Search form

The Sharp, Edgy Designs of ‘Kipo and the Age of Wonderbeasts’

For art director Angela Sung and director Bridget Underwood, blending ‘Alice in Wonderland,’ ‘The Walking Dead,’ and classic Japanese anime gave the DreamWorks Animation series a bold look and feel unique to Western TV.

Glowing disco bees, four-eyed pigs, forests on the backs of gigantic turtles, and neon-lit burrow cities are just a few of the beautiful oddities that make up the world of Bill Wolkoff’s and Radford Sechrist’s whimsical adventure series, Kipo and the Age of Wonderbeasts.

Streaming on Netflix, DreamWorks Animation’s 3-season, 2D adaptation of Sechrist’s 2015 webcomic follows a young girl named Kipo, who finds herself far from home in a post-apocalyptic, but fantastical world shrouded in colorful botany and filled with larger-than life, and musically-inclined, animals. Upon meeting a child named Wolf, Kipo begs the young kid to help her navigate through this exciting but dangerous world and return to her underground home. Along the way, Kipo discovers beastly powers within herself and joins Wolf and her other above-ground friends to defend this magical place against a power-hungry primate. 

“They explained to me that they were imagining an Alice in Wonderland cartoon version vibe mixed with The Walking Dead,” says series art director, Angela Sung, known for her work on The Legend of Korra and Motorcity. “I really liked this idea, and I knew it would work really well with the art style I personally adore.”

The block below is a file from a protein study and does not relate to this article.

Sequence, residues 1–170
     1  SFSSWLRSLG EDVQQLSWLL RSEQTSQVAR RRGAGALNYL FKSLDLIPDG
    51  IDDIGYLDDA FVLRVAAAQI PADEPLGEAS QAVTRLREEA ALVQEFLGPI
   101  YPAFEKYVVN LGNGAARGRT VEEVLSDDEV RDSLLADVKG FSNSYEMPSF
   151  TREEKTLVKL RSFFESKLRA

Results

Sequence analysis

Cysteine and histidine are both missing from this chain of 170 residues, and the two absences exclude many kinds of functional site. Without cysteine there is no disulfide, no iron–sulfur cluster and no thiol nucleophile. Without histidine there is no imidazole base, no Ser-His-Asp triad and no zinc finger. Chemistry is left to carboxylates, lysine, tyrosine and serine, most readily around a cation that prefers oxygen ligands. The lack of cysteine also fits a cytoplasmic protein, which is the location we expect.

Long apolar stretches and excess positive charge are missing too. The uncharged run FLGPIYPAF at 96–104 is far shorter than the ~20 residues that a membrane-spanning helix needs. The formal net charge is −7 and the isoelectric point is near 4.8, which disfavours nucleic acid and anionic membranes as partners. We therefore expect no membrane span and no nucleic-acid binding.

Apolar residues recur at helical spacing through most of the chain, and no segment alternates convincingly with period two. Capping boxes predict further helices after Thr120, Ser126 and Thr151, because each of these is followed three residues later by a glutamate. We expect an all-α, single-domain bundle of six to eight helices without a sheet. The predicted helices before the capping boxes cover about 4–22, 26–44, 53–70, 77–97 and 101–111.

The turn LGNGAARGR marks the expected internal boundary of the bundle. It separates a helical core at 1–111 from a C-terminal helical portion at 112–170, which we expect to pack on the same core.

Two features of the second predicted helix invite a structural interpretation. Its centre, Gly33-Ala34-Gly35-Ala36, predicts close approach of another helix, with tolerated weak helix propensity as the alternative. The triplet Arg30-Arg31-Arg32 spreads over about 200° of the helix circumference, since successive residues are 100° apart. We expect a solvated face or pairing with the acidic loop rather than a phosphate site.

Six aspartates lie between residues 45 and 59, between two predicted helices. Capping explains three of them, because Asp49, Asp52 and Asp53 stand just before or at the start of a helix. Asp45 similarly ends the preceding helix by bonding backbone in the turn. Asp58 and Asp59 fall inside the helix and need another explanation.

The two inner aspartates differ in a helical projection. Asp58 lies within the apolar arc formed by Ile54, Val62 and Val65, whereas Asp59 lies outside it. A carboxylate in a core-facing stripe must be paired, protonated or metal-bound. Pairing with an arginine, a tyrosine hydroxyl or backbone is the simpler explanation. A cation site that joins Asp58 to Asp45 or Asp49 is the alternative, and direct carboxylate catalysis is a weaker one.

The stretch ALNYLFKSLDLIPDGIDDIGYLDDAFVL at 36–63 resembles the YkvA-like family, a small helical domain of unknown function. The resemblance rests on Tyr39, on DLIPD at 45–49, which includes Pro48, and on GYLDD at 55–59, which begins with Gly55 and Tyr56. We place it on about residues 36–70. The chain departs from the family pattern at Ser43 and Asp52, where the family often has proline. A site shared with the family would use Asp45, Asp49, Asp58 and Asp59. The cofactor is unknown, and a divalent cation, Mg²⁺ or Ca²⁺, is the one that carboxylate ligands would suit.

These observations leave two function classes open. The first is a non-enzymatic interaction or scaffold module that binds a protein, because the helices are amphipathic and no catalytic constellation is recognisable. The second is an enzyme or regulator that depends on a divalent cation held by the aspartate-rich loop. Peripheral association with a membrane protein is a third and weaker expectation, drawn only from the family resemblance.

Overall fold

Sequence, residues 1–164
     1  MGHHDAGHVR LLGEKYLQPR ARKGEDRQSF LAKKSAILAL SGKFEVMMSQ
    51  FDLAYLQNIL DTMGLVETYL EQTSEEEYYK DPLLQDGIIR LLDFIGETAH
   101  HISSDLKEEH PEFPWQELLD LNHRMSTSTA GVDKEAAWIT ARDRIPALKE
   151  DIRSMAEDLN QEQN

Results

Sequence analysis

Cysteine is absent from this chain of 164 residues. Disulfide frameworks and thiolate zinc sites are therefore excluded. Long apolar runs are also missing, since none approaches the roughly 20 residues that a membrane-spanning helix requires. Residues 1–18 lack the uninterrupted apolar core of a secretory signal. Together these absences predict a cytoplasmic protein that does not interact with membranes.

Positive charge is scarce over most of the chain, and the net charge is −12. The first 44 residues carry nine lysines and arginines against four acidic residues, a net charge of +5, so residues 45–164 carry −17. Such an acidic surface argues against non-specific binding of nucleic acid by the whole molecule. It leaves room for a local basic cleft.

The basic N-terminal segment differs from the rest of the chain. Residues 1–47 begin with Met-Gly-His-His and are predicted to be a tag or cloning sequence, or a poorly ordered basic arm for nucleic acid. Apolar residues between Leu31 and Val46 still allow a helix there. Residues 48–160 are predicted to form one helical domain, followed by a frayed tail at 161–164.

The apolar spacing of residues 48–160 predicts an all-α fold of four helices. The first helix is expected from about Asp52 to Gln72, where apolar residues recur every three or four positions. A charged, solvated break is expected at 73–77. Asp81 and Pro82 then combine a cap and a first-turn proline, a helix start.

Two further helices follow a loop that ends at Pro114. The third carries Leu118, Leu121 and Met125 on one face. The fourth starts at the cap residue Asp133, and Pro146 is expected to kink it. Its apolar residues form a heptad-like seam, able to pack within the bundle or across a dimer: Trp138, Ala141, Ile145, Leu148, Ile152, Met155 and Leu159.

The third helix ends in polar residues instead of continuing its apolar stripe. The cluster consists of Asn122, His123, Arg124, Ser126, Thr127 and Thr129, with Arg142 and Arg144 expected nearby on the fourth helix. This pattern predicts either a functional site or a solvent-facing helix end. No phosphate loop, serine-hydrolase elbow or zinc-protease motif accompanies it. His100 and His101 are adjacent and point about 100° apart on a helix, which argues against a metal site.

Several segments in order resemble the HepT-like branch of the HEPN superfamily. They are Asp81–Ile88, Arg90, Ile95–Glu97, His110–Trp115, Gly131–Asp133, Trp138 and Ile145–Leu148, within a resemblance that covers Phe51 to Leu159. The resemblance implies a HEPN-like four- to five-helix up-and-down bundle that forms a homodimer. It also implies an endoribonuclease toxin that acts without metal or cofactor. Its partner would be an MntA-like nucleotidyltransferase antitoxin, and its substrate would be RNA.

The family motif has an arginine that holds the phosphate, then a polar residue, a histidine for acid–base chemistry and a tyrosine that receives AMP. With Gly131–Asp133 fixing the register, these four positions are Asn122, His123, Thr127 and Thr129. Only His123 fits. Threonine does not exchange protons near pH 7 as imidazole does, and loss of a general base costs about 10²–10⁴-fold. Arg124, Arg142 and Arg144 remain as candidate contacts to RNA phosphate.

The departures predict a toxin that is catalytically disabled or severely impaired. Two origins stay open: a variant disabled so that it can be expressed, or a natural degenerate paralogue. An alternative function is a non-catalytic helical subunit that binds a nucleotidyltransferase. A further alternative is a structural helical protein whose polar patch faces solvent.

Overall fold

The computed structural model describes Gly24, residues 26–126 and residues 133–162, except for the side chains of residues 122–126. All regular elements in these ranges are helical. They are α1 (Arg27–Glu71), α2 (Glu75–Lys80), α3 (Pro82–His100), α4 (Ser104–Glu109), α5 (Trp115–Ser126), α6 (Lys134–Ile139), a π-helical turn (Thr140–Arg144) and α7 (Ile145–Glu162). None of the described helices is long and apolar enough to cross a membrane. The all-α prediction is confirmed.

“Visually, Kipo has such a unique voice,” says Bridget Underwood, one of the show’s directors, who had worked with series co-creator Sechrist on Netflix’s upcoming animated feature, Wish Dragon. “Rad's style set a look and feel for the show that hasn't really been seen in Western TV animation yet. And Dan Holland's character design work and Ang's art direction really elevated the whole project to a new level.”

Kipo’s animation features sharp lines and bold hues for the characters alongside watercolor-like backgrounds, with glimmers and dyes that melt into each other to create a vast space with seemingly no end. According to Sung, her primary responsibility was to create an awesome world where both designers and painters had a lot of creative and explorative freedom to design environments that were “imaginative yet believable.” 

“A lot of my color decisions were inspired by my traditional painting practice,” Sung explains. “I’m a big fan of playing with color relationships to make an image interesting. The painters on the team were all quite good at traditional painting as well, and quickly grasped the style and began to play around with pushing colors, making bold decisions. I was constantly amazed by their work.”

Sung and her team created group plein-air paintings with gouache or oil paints during their spare time to build a deeper connection to the natural environments around them, as well as inform their understanding of color and light. They also turned to classic Japanese anime for inspiration. “I looked into films with amazing layouts, such as Ghost in the Shell and Akira,” she shares. “I believe that strong fundamentals lead to strong layouts, and strong layouts make the final paintings awesome, and more believable.”